Productions written, produced, directed by, or featuring certified Fitzmaurice Voicework® teachers - alphabetical by project title
The Odyssey Project™, founded by Michael Morgan in 2011, is a program of UCSB (Santa Barbara) which benefits and seeks to "rescue" (or transform) incarcerated youth, using the arts. It involves them, with peers, in a production. It brings them into a setting where they can start to recognize that maybe they do belong and have real options. It gives them a camera to chronicle their journey home as filmmakers. And it helps them make positive life choices. In the big picture, Odyssey Project acts as a societal solution, encouraging fewer boys to evolve into habitual offenders, career criminals, and forgotten numbers in the criminal justice system.
RESEARCH GROUP EOLIA
Performance, healing and social transformation
We’re researching ways of using performative language to talk about current and past events that had an impact in people’s lives. Together with a group of “performers,” we create a space where the audience has the chance of taking an active role and have it's own voice, reversing in that way the focus of attention, the audience being the one seen and heard in the piece.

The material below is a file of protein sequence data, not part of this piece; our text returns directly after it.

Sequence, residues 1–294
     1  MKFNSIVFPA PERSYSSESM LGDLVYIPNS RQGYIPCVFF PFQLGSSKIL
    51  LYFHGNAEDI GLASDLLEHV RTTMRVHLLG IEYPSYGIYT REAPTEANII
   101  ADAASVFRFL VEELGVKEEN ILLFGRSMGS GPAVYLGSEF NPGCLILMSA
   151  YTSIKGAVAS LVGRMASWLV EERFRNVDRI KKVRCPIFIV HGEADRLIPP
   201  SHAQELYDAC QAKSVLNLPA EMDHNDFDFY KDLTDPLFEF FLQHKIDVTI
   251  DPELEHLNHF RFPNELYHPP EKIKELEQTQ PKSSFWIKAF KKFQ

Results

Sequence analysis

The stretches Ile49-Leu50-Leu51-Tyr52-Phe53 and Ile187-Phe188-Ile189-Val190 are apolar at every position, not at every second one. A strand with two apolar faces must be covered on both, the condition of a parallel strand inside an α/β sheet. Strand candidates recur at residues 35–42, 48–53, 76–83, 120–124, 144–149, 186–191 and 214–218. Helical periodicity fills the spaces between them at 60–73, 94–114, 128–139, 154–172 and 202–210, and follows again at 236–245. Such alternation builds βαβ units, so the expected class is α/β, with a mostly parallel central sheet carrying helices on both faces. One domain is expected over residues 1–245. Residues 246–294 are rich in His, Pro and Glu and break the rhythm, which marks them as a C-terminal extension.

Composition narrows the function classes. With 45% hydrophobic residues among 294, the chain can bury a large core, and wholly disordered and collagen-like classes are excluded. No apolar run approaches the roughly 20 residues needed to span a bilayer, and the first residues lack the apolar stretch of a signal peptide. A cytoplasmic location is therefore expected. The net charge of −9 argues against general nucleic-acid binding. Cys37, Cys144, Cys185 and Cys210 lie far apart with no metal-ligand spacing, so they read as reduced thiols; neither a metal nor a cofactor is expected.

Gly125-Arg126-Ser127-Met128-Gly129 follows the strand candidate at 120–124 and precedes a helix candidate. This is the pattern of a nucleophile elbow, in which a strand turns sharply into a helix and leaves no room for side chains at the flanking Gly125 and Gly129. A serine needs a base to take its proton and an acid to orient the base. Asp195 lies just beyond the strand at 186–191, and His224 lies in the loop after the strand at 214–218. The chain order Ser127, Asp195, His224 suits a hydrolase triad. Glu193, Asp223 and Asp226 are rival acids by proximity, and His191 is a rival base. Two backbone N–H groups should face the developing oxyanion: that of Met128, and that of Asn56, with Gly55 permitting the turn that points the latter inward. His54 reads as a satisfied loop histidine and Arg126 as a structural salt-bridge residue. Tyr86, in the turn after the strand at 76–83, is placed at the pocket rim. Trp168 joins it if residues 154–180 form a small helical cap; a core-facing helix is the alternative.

The Waves is a new play about birth, motherhood, and post-partum depression, written by Laura Quigley. The Waves was written for mothers, pregnant women, obs, midwives, doulas, birth activists, fathers, health care practitioners, and anyone who has a mother.
WOMB OF FIRE
Womb of Fire is a new production, co-conceptualised and directed by Sara Matchett. Set against an episode from the Indian epic, The Mahabharata, the play interweaves personal narrative and contemporary realities with the lives of two women from the founding years of the Cape Colony to interrogate the Womb of Fire that birthed South Africa. The making process explored the body as a site for generating images for purposes of performance making. As such Sara’s method of performance making, that has Fitzmaurice Destructuring at its core, addressed how the post-slave body practically translated the archival narratives, and in articular how these intersected with the biological/personal. The process interrogated the potential of breath to act as a catalyst for activating and translating memories, stories, and experiences held in the body of the performer.